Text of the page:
Jenga on the crux of the first pitch (23)
Simon Carter's breathtaking photo of me
on the crux of the 2nd Pitch (25)...
about 3 moves before I fell of.


Jenga negotiating the moves to gain the
squeeze chimney on Pitch 2. If you
look carefully you can see our
chalk on the waterwashed-slab
far below.

Jenga begins the crux sequence right at the end of Pitch 2.

Simon Carter capturing Jenga in all his glory
on Pitch 3 (23), immediately after the crux
tips-layback section.

A tips-layback forms the crux of the 3rd pitch, which can be either extremely tenuous (if you have big fingers) or rather cruisy at the grade (with small fingers). Jenga was lumped in the first category, and made it look seriously hard as he stuffed a half-centimetre of finger-tip in the fused crack, and committed wholeheartedly to steep, water-polished smeared-foot laybacking to gain the better holds. Of course, he got it clean (and Simon got some really rad photos of the crux moves in action), and was belaying me up a few minutes later. Unlike Jenga, I could get my fingers into the crack to the first joint and didn't find it too hard, but regardless it was an outstanding pitch with some amazing exposure as the corner you're laybacking joins a hanging arete to remind you just how far above the void you really are.

And here is how that shot turned out. Jenga on the crux.
"Hi Simon, fancy meeting you here, mate!"

Me on the crux of Pitch 4 (22). Still no response from
magazine yet... I don't think that Simon's to
blame, though.
I think of the 4th pitch as the beginning of my career as a male model, as I up-climbed and down-climbed the grade 22 crux about 5 times (while Onsighting) so Simon could get the perfect shot. I even climbed it without clipping all the bolts to make it look just that little bit more inspiring. Despite being gr22, I thought it felt quite easy at the grade, consisting of extremely steep corner-crack climbing, separated by some funky face moves up a scarily detached flake, and finishing with some awkward steep squeeze-chimney moves to gain the belay. Yet, despite perhaps being soft-ish, the climbing was heaps of fun, and I eagerly await a response to my male-model application submissions to PlayGirl magazine.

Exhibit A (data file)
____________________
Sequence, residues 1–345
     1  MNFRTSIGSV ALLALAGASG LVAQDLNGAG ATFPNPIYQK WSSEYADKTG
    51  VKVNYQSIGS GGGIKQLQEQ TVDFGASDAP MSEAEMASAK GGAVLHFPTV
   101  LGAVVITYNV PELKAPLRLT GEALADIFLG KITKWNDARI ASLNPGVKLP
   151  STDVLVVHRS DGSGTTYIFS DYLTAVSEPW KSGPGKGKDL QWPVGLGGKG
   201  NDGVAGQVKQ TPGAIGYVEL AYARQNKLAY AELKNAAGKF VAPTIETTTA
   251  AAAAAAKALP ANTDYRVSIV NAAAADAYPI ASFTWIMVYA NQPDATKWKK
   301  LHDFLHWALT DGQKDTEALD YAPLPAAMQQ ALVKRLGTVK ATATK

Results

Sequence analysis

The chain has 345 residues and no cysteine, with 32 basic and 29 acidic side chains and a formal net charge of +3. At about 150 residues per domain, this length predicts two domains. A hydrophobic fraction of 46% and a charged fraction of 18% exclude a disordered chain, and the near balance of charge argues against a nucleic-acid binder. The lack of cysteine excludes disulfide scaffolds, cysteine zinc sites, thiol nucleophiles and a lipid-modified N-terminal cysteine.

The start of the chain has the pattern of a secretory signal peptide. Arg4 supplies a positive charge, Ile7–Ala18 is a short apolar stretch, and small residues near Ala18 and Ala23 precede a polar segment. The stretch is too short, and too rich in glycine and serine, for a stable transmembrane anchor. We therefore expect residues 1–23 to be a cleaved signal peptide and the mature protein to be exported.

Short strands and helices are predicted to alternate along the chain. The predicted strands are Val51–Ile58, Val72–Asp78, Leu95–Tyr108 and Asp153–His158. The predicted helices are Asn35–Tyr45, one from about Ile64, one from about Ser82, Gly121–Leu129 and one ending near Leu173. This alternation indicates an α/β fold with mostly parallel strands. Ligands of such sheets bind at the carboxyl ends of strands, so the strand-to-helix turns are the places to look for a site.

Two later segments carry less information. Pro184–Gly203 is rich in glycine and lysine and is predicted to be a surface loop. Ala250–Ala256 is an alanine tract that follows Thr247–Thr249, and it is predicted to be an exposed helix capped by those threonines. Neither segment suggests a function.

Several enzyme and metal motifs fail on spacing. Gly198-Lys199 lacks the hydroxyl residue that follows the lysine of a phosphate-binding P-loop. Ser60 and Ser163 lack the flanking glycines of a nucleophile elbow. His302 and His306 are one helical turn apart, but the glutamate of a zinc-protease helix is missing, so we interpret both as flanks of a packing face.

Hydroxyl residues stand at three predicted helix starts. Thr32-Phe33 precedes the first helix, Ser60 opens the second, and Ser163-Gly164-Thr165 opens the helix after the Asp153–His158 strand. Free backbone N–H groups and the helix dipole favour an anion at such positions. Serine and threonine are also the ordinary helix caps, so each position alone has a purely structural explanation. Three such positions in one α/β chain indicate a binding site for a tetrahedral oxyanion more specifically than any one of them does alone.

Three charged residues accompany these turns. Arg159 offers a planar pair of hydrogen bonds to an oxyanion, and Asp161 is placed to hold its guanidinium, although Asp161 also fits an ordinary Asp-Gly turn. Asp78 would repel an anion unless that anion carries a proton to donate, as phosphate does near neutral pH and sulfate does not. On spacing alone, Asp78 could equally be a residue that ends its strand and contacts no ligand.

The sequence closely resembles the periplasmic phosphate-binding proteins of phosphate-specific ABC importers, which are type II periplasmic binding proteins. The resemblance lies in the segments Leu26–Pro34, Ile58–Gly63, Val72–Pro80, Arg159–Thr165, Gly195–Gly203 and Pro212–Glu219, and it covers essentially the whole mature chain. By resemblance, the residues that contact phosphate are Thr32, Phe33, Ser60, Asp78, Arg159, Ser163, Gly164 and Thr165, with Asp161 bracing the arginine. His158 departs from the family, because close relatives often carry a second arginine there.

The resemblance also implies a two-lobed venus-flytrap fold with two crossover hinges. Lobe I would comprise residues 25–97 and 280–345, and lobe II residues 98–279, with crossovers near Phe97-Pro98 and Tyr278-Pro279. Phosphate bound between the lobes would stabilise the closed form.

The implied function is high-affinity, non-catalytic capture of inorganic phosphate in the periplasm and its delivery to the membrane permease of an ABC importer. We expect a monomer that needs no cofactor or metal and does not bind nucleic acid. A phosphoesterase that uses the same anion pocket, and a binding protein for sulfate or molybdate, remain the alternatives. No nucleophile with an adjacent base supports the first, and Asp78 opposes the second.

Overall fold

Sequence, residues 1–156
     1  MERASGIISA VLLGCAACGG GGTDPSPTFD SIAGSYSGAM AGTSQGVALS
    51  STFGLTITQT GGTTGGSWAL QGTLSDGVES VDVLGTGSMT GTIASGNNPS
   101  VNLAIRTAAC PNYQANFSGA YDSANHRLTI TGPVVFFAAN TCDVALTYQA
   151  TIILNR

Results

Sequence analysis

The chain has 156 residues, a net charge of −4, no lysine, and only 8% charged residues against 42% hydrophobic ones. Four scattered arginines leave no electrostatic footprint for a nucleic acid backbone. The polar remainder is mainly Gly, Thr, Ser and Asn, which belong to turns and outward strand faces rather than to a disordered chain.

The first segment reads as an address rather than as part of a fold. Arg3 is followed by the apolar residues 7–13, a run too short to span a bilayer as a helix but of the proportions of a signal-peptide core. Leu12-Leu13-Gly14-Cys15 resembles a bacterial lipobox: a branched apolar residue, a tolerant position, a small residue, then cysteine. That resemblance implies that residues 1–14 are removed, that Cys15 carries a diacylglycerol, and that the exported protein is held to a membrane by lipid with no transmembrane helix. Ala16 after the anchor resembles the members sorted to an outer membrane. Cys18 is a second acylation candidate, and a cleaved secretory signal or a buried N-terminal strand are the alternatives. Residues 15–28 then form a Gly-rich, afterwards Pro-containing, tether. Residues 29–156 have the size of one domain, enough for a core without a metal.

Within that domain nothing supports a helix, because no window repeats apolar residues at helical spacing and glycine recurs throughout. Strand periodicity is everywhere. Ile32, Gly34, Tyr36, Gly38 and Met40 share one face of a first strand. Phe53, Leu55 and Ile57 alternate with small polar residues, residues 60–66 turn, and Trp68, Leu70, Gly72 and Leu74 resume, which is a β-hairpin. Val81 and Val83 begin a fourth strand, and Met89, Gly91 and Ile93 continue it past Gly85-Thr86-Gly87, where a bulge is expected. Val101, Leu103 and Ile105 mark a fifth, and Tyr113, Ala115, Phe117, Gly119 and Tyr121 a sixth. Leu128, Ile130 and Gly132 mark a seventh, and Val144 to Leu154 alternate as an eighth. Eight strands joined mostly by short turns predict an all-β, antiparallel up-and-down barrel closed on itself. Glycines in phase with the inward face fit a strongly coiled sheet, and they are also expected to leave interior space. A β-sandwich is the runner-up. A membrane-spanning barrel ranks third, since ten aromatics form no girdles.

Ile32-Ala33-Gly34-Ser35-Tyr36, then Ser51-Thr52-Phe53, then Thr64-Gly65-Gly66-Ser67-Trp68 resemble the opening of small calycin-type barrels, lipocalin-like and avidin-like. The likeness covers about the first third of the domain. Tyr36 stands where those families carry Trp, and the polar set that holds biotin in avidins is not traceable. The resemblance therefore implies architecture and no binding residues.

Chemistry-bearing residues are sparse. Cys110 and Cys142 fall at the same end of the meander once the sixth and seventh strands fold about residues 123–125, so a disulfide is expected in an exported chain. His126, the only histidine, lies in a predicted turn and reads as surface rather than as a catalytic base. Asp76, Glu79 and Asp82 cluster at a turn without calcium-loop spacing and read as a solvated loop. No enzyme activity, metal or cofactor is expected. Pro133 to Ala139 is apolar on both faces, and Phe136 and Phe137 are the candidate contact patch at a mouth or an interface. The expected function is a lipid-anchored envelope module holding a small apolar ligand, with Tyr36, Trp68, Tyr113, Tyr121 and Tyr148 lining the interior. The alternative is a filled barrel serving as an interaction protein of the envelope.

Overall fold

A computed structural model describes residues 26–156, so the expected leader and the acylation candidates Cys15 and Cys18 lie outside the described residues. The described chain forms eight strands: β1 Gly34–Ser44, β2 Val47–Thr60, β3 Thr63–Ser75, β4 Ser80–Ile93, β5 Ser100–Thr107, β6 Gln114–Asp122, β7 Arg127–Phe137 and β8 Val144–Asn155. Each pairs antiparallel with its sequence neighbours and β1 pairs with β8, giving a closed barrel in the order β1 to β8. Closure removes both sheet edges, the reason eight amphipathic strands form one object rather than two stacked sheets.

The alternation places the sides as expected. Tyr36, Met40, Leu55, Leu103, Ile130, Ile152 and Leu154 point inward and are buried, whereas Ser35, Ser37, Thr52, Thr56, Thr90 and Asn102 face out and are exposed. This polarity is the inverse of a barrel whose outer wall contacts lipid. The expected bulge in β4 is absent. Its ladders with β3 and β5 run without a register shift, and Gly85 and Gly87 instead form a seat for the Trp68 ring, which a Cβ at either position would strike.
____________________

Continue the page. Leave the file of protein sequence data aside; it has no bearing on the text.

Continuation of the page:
The last pitch of the day, climbed right as the sun hit the rock, was up a funky leftward leaning crack which is very obvious when observed from Walls Lookdown, and proved to be no giveaway at grade 21. Blinded by the light, Jenga oozed his way up the crack methodically (but solidly), with an interesting variety of crack moves (of all sizes) and slightly-steep thin-face moves protected by solid but fiddly gear placements. He managed to Onsight this pitch (and thus the entire climb), and I cruised it on second, and we joined Simon back on Lunch Ledge about 6 hours after we started the abseil, and right as the crag went into the full scorching summer sun.

Jenga tackles the surprisingly tough Pitch 5 (21).
Equal parts crack-and-face climbing.
Suffice it to say, the day produced some great photos from Simon (the ones that look good) and myself (the ones that look half-arsed and were taken with my little point-and-shoot clipped to my harness). I've reproduced a few low-quality versions of Simon's photos (thanks, Simon!), but if you want the full glory you'll need to check out the December edition of Simon's ONSIGHT newsletter, which features the photo-essay of our Pierces Pass antics.

So, what of the route? Well, straight-up, it's a 5-star classic, featuring possibly the best hard-trad climbing I've done in the Blueys (and is perhaps the best trad multi I've ever done in the Blueys, regardless of difficulty), with every pitch having something to offer and generally great rock throughout. At the grade, it's a middle-tier gr25 (not even the usual trad-esque sandbag we've come to expect over the years) and is so well protected that I don't think that the grade should dissuade anyone who can dog a trad 25 from having a crack at it. In fact, it's so good, that when I get back from Tassie I'm super-psyched to have another crack at it so that I can clean up my 1-fall ascent of the crux pitch and score the true tick. Unlike some trad multis in the Blueys, there's nothing about Samarkand that would ever discourage me from launching up it again... well, except for perhaps the rubbish abseil in. Seriously, borrow yourself a 200m rope (or join 3 x 60m statics and do it as a giant rap moving past the knots on the way down).

Well, it's time to end this blog update and get back to climbing in Tassie. I'll endeavour to update some of the more recent Tassie adventures in the next week or so, and I've got a few good stories to tell that you guys might enjoy. The interesting epiphany to come from this brief stop-over back home on my way to Tassie, is that despite climbing 4 seldom repeated trad multipitches in Pierces Pass, all of them were enjoyable in their own way, with perhaps the least obscure of them (Contented Cows) being of the lowest quality.

Don't ever say that obscure correlates to esoteric when it comes to Trad climbing in the Blue Mountains...


  1. Great work, I tried Church of 7 Sams back on a very wet day and got well chossed about 10m off the deck, I see that I'll have to go back.

    By Hook or By Crook sounds like something else to work up to, and take a drill on also.

    We tried Samarkand first ground up (without drills) and got to where the 2nd bolt on P2 is now, came back a week later and added those 3 bolts and completed it. The bolts on the big V corner were placed on the original aid ascent. You didn't do the top scary face pitch with micro-thread runner; though it wasn't really part of the line and a new sport pitch now runs very close to it.

  2. Frothing, Paul... Really good read, and fantastic climbing.